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Communication, language and mentalizing in typical and atypical children

Paper i proceeding
Författare Erland Hjelmquist
Publicerad i Symposium organized at the 13th European Conference on Developmental Psychology, August 21-23, 2007,Jena, Germany
Publiceringsår 2007
Publicerad vid Psykologiska institutionen
Språk en
Ämnesord mentalizing, theory of mind, atypical children, deafness, cerebral palsy, language access.
Ämneskategorier Psykologi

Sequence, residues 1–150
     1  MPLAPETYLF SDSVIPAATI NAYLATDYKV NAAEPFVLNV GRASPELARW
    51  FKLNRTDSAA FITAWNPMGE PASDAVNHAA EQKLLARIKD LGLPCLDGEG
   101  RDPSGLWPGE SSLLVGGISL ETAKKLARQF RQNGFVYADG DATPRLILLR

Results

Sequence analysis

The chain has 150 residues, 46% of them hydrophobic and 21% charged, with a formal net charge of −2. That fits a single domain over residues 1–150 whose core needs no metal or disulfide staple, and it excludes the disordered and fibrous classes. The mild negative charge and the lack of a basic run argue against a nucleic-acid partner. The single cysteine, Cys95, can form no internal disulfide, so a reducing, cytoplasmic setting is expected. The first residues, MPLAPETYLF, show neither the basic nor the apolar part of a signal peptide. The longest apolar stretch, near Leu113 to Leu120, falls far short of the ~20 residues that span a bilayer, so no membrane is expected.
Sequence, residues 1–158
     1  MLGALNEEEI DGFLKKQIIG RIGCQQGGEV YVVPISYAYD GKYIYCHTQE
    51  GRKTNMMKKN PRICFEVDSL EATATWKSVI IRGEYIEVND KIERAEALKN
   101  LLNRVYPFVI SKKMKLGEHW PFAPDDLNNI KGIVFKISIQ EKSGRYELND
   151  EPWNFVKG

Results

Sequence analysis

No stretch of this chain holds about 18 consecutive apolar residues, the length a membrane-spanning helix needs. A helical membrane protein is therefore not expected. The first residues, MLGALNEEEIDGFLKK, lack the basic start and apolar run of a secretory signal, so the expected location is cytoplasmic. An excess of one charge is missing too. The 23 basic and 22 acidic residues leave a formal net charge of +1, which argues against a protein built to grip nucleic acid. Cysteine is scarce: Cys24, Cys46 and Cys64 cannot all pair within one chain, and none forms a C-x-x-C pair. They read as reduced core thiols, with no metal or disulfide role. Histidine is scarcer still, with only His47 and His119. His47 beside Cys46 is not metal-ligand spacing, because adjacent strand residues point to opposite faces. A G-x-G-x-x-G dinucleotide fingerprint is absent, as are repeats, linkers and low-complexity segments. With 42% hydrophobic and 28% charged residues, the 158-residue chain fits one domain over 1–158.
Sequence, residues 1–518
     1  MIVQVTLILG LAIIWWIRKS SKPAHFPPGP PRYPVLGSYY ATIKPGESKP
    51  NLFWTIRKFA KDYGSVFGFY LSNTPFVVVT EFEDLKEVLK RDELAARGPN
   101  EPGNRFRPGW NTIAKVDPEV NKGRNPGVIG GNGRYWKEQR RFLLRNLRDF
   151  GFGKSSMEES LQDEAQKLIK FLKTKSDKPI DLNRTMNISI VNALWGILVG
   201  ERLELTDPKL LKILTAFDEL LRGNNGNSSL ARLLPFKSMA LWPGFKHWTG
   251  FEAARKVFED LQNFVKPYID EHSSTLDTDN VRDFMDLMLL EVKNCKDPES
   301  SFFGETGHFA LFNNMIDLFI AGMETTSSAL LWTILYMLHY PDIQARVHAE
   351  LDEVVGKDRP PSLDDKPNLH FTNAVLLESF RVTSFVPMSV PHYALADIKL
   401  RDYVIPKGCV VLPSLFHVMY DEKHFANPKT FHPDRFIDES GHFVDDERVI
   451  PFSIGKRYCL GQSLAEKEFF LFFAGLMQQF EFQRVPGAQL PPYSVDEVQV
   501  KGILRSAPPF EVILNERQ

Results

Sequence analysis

The development of social skills and mentalizing, having a theory of mind, are highlighted in perspective of early language experiences and interactive/attentive behaviour in a number of different groups. They included typically developing infants 6 months old, children with autism of different mental and language levels, deaf children and children with cerebral palsy. The deaf children were native signers (from deaf families) and late signers (from hearing families). A variety of methods have been applied, including observations, experiments and longitudinal designs. The results showed that among typical children, early cognitive and social skills together predicted cognitive level at 4 years of age. Among children with autism, relationships were found between mental and language level on the one hand, and social/attentive skills on the other. The diagnosis was not predictive in itself. The results from deaf children and children with cerebral palsy strongly indicated the importance of early conversational experience for later mentalizing, or having a theory of mind. Altogether the emerging pattern of results emphasizes the complex web of relationships between the crucial variables of social interaction, language and cognition. Importantly, the results demonstrate the role of the infant´s/child´s own contribution to early interaction and the role of language provided by the environment. The infant partly creates its environment, and is more or less immersed in a common language, enabling varying possiblites for focusing on mental states. From a methodological point of view, the need for reliable testing methods of early attentive behaviour and longitudinal studies are demonstrated

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